The labour shortage in agriculture affects all types of farms and enterprises with short-season, high-labour needs definitely feel the pinch of it.
Pam and John Griffin need to hire people every summer to take off their strawberry harvest on their five-acre Glenboro-area Good Earth Garden and Berries farm.
But not many want the job.
“I’m always starting from scratch,” said Pam Griffin, a participant at the Direct Farm Manitoba conference earlier this month.
It’s a challenge faced every season when they start to look around locally, she said
“There’s just not a lot of options. We don’t have the kind of work that people want.”
But an international program offering tourists unpaid work in exchange for an opportunity to temporarily live on a Canadian farm has helped.
This will be the fifth year they’ll host about half a dozen tourists they’ve linked up with through the Worldwide Opportunities on Organic Farms, commonly called the WOOFer program.
Most come from Europe and often have little or no experience with any sort of agricultural setting, said Griffin.
“They may have never picked up a hoe,” she said. But they are enthusiastic and for the short time frame they’re available they’re a good match to their farm’s labour needs. They work about five hours a day and receive room and board in exchange. The same workplace and safety and health employment standards apply to these workers as anyone else working for them.
“Some stay for a week, some a little bit longer,” said Griffin. “I do rely on them.”
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It’s not ideal, but it’s one of the creative ways farmers like the Griffins deal with a labour shortage that would otherwise put a big crimp in running their farm.
It’s a predicament shared across farms of all types in Canada. Canada-wide there are about 60,000 positions in agriculture going unfilled, a labour gap only expected to worsen in the next decade, according to research done by the Canadian Agricultural Human Resource Council. The labour shortages is particularly acute for horticulture industries.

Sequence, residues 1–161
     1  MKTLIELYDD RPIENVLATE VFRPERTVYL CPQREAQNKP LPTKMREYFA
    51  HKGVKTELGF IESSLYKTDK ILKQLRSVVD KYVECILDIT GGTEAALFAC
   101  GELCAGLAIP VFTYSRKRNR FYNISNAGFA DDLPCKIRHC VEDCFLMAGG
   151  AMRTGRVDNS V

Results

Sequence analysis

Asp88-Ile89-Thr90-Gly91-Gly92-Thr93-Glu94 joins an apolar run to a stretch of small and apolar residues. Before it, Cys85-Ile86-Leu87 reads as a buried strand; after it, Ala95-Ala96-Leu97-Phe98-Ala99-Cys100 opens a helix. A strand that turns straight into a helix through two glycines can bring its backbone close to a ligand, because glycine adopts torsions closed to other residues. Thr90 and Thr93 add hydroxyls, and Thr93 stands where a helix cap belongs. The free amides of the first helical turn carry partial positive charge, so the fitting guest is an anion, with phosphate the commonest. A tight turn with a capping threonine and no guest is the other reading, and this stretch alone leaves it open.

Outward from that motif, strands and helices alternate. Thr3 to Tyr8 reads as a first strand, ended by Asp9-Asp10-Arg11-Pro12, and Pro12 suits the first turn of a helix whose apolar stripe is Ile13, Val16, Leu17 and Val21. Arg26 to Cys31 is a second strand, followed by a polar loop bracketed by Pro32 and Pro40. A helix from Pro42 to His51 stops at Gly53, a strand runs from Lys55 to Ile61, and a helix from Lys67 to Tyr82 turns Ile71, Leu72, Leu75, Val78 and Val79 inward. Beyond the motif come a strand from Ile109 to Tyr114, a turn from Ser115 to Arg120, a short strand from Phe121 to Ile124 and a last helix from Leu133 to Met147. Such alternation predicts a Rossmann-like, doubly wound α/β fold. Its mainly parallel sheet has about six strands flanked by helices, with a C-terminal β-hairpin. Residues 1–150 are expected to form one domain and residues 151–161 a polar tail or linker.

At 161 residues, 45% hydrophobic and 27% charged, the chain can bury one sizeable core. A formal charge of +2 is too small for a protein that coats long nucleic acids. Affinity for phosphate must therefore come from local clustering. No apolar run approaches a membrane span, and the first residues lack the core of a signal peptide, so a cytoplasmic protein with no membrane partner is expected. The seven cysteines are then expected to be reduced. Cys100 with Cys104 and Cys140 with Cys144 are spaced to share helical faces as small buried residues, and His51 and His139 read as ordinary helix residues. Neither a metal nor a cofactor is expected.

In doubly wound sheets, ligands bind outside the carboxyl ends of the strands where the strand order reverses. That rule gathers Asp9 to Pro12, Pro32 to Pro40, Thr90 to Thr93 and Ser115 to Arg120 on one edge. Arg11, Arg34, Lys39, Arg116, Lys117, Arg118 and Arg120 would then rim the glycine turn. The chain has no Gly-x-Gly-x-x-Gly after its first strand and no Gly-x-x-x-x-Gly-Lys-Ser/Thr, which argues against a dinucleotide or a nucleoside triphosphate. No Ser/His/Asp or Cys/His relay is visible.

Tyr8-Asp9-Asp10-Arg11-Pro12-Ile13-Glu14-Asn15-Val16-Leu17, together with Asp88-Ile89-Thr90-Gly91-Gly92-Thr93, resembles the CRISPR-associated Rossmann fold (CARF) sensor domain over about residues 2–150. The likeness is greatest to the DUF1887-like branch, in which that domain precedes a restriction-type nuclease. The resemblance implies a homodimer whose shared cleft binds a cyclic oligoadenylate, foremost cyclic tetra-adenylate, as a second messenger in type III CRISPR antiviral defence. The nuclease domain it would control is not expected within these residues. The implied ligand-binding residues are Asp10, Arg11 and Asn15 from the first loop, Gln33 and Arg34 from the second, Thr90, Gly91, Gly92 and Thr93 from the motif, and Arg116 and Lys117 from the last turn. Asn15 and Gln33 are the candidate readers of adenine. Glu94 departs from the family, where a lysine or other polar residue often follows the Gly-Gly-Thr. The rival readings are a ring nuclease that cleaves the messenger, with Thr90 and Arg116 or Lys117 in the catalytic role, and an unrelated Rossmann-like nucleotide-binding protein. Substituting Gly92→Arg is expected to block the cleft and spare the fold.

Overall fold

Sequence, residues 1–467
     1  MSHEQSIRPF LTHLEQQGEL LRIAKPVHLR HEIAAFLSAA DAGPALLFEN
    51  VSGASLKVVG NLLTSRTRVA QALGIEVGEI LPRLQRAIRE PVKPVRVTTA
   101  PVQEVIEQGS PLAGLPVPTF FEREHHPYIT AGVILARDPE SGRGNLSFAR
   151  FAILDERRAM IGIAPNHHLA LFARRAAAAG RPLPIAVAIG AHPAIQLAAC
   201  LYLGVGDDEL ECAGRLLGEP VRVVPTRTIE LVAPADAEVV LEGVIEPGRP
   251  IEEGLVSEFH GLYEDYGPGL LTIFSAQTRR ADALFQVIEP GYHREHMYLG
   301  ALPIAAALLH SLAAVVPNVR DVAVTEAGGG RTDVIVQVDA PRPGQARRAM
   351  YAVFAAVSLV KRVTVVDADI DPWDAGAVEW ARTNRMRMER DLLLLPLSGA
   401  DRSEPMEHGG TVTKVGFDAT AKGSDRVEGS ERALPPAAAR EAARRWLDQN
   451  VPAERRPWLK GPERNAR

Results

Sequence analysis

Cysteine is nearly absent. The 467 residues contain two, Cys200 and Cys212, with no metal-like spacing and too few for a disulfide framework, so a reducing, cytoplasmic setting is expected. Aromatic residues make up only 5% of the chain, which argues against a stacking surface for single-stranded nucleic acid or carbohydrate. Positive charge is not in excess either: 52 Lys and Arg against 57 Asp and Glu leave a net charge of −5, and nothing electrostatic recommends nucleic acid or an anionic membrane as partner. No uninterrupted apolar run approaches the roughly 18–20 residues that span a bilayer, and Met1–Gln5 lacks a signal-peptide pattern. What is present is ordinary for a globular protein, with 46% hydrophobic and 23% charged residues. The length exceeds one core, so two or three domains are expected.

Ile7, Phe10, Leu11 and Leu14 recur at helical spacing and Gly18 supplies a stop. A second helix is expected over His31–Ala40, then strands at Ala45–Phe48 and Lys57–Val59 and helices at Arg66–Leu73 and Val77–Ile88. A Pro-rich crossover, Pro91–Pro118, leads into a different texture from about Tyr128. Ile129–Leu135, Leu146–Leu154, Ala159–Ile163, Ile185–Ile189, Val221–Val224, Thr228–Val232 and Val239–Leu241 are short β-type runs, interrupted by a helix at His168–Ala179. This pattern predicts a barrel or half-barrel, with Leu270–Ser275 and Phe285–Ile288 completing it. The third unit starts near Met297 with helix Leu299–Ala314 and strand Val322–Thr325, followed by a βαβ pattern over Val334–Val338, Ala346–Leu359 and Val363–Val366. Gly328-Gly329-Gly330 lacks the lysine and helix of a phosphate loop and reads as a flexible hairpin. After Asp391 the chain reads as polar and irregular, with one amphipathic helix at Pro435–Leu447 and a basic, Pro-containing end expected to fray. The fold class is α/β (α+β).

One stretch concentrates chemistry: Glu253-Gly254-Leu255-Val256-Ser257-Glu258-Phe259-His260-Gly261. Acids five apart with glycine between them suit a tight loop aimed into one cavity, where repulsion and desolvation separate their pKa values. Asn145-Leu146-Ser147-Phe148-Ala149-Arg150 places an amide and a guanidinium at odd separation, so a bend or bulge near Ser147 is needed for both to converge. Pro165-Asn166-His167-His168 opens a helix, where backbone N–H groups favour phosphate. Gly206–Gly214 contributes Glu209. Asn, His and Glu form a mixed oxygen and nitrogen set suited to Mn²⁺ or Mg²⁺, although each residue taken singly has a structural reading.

But it impacts all types of farms, and can mean anything from harvests not optimized to being unable to do value-added production, said speakers at the Direct Farm Marketing conference here earlier this month.
“It’s no secret that finding people and finding good people is extremely difficult,” said Stephanie Cruickshanks Manitoba Agriculture industry development specialist in labour and immigration.
“From what I hear over and over again is it tends to be the most difficult portion of running your farm business.”
“I often get phone calls from farmers because they haven’t been able to find people. No one wants to work for them.”
It’s a very difficult situation but Cruickshanks thinks there may be places farmers aren’t looking either.
These include the Manitoba job centres and settlement agencies working with new Canadians.
The former post jobs and have employment counsellors who help match those looking for jobs with work available.
“I don’t believe agriculture is utilizing those employment centres to their fullest capacity,” she said. She’s also noted that staff in these centres tend to have an outdated view of agriculture.
“This is one area where I think as an ag industry as a whole we can do a better job identifying that this industry has jobs in many areas of the province.”
Likewise, settlement agencies such as those found in Brandon and Winkler can also be places farmers may find people they need. Staff with these agencies tend not to be familiar with agriculture either, she noted. But there’s a good chance many of the clients of these agencies have farm backgrounds from their countries of origin, and these potential hires are also permanent residents or already Canadian citizens so hiring them won’t involve the complexities of hiring immigrants, she added.
“It’s a real opportunity,” she said. “We need to strategically better align ourselves to network with newcomers in the province.”
Manitoba Start, a provincial program connecting those who have recently immigrated to Manitoba is another place to find people and so are schools, colleges and universities.
All of this takes time and may not yield people right away but can raise awareness of your business and the employment opportunities it offers, she said.
It’s all about relationship building and going beyond the traditional places we’ve been looking for workers, she said.
“I have observed we need to see a bit of a culture shift within our employers,” she said, adding that rural depopulation, pressure from other industries and declining experience of farm life in the general public are all draining the farm labour pool dry.
“Traditionally employers have worked with neighbours, retired farmers, their neighbours’ kids,” she said.
“It’s not as easy as it used to be.”
Labour shortage was a point of discussion at the Keystone Agricultural Producers annual meeting in January too, where delegates supported a resolution asking their organization to pursue a formal proposal to Apprenticeship Manitoba for establishing ‘agricultural craft’ as a designated trade offered at an accredited post-secondary institution.